The front-page picture of Nov. 26 is one to keep. It shows Tom Ridge, a wide grin splitting his prizefighter's face, accepting congratulations from a circle of well-wishers on being named the first secretary of the Department of Homeland Security, moments after President Bush signed the legislation creating the Cabinet department.
Today that department is little more than a gleam in the eyes of Bush, Ridge and the main sponsors of the bill, Democratic Sen. Joe Lieberman of Connecticut and Republican Rep. Dick Armey of Texas. The department has no headquarters, only three appointed officials -- Ridge and two deputies -- and 170,000 prospective employees scattered among 22 agencies who are wary of what the merger will mean for them.
In the weeks and months ahead, there will be many occasions to look at that picture and wonder, "What the heck was he smiling about?" Among those almost certain to ask that question is Ridge himself. According to friends, he was anything but eager for the appointment and would have preferred to stay as the White House director of homeland security, coordinating the work of the department with old-line agencies, rather than presiding over this vast new bureaucracy himself.
Aides insist that the only issue was whether Ridge would make his stay in Washington longer and move his family here from Pennsylvania. In any case, Ridge answered the president's summons, just as he did more than a year ago when he gave up his job as governor of Pennsylvania to join the White House staff.
In the past year, Ridge has gained the trust and earned the respect of members of Congress and state and local officials with whom he has worked. But the task ahead is huge. Paul Light, the Brookings Institution and New York University expert on government organization and personnel, says it's "the most difficult bureaucratic reorganization since the Roman Empire tried to take over the administration of Egypt."
That one ended badly for both Caesar and Cleopatra. The more pertinent and contemporary example is the creation in 1977 of the Department of Energy out of a mix of separate regulatory and operating agencies. "That one has never jelled," Light said. "The windmill types are still fighting with the nuclear power folks, and the conservation people still argue with everybody."
Ridge confronted one challenge immediately by meeting with the heads of federal employee unions in an effort to smooth over the dispute on union representation rights that had delayed Senate passage of the legislation. But great tension remains about changes of assignments and shifts of responsibility for both senior managers and front-line workers.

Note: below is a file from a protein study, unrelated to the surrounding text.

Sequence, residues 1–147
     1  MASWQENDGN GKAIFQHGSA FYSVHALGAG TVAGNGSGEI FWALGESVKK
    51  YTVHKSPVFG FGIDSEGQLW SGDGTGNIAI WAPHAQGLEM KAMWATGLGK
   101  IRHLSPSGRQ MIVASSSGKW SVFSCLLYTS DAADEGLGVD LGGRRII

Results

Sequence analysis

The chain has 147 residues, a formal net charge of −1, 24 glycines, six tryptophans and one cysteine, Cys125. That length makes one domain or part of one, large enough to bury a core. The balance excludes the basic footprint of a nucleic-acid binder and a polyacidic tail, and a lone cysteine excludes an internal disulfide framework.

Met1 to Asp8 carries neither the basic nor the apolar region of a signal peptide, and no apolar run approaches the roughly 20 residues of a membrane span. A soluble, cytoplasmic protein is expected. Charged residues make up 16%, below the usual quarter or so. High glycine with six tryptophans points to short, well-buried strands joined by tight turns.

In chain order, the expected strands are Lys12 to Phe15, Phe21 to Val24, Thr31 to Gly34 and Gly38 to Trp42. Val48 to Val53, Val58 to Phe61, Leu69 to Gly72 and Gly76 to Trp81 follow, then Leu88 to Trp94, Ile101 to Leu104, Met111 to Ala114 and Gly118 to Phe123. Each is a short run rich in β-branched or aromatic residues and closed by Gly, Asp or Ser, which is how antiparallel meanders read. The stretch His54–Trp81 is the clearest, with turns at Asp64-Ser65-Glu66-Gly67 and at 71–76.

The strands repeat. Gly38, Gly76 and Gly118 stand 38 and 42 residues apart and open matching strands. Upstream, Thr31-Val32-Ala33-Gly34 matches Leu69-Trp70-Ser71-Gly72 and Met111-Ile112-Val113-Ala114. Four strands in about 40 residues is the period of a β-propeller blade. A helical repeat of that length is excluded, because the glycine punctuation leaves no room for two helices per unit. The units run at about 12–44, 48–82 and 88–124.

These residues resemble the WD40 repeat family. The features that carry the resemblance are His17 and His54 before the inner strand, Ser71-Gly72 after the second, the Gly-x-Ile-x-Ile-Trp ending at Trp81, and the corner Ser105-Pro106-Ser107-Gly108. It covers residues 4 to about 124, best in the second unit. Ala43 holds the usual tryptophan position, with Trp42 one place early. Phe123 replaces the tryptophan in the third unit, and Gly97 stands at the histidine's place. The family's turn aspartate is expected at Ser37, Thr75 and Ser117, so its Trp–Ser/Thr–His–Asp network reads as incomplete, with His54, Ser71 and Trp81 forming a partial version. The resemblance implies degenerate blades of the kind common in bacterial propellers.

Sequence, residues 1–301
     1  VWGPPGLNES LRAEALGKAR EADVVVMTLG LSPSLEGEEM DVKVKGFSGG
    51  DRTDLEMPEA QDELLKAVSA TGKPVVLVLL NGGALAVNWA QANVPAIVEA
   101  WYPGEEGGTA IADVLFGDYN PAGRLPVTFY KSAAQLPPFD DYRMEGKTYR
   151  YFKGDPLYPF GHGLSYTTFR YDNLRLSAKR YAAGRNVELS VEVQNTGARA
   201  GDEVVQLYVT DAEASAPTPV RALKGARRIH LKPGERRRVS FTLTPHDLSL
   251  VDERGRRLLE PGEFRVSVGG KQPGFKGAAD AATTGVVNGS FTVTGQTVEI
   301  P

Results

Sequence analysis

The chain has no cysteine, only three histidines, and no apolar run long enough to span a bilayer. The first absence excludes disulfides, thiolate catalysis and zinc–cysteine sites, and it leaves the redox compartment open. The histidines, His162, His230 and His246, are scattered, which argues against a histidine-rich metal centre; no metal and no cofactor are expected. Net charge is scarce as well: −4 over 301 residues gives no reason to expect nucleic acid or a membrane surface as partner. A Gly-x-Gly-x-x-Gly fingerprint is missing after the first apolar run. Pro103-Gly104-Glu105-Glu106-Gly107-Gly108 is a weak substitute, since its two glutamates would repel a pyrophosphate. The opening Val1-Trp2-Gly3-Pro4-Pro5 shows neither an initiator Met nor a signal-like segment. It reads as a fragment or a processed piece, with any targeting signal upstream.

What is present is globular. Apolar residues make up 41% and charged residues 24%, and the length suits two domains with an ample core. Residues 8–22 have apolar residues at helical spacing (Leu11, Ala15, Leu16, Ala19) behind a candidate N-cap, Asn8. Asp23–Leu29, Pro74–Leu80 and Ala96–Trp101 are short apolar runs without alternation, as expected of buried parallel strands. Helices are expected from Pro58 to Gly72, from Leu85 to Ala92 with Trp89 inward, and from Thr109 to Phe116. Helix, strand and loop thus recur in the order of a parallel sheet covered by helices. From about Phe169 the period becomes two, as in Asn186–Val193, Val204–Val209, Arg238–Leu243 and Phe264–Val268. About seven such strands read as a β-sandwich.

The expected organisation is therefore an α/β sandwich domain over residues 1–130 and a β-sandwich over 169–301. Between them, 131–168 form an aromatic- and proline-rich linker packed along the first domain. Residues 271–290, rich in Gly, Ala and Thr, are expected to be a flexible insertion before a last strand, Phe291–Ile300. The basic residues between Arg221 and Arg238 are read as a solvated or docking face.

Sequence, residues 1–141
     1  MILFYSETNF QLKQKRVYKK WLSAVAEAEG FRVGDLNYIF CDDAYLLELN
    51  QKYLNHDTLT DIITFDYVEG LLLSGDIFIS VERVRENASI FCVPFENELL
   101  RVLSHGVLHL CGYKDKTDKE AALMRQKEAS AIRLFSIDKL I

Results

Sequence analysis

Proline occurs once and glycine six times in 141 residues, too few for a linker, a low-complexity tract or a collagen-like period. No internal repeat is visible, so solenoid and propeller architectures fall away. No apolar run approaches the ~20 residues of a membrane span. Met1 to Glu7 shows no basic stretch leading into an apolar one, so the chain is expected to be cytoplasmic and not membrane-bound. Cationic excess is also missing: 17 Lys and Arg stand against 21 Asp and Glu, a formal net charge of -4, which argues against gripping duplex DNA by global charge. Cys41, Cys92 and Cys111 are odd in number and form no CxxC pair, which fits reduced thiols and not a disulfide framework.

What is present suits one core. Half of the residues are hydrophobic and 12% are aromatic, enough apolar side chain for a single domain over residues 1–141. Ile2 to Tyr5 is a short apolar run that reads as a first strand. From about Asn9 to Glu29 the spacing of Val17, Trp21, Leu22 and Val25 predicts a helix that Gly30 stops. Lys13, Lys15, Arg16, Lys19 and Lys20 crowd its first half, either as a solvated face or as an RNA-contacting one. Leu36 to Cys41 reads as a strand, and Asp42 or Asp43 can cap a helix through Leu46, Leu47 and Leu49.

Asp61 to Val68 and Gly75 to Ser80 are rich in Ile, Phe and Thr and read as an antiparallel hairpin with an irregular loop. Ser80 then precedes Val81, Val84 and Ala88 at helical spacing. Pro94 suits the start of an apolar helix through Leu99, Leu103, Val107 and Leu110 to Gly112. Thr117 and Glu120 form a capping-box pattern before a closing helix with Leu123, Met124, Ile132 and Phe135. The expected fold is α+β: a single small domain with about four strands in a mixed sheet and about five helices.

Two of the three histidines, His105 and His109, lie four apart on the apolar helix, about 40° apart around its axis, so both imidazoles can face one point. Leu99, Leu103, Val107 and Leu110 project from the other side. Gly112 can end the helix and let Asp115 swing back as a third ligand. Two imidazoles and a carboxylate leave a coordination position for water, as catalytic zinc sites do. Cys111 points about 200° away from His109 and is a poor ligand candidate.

Last June, when Bush abandoned his earlier objections and embraced the concept of a new department, which had been pushed by Lieberman and other Democrats joined by a few congressional Republicans, the National Journal reported that critics thought "a sprawling, showy, distracting Department of Homeland Security . . . is both too much and too little."
Too much because it pulled in agencies such as the Coast Guard with many functions unrelated to protecting against terrorists. Too little because the FBI and the CIA remain separate and independent agencies, under obligation to supply intelligence to the new department but not subject to the command of Ridge.
Light sees other challenges ahead. "It would be difficult to coordinate 22 separate agencies under the best of circumstances," he said, "but there is great unevenness among these 22. Several are damaged goods. The INS [Immigration and Naturalization Service] has been under fire, and now it will be sawed in half -- the second major reorganization in nine months. Customs is in the midst of a major overhaul. FEMA [the Federal Emergency Management Agency] seems to be going through a difficult transition. The Coast Guard is very well run but has an aging fleet. And there is a huge variation in the quality of the technology in the different agencies. The basic organizational systems will have to be reconciled."
White House and Office of Management and Budget officials have been working on plans for bringing the department into being. The timetable calls for the new structure to be in place by March 1, but almost everyone is cautioning that it will take much longer for it to function with any degree of effectiveness.
The Department of Defense offers a cautionary tale. More than 40 years after Harry Truman called it into being, Congress found it had to pass major legislation to correct structural problems that made it difficult to resolve disputes among the military services. The Department of Homeland Security, too, will have Tom Ridge grimacing, rather than grinning, before it finally is whipped into shape.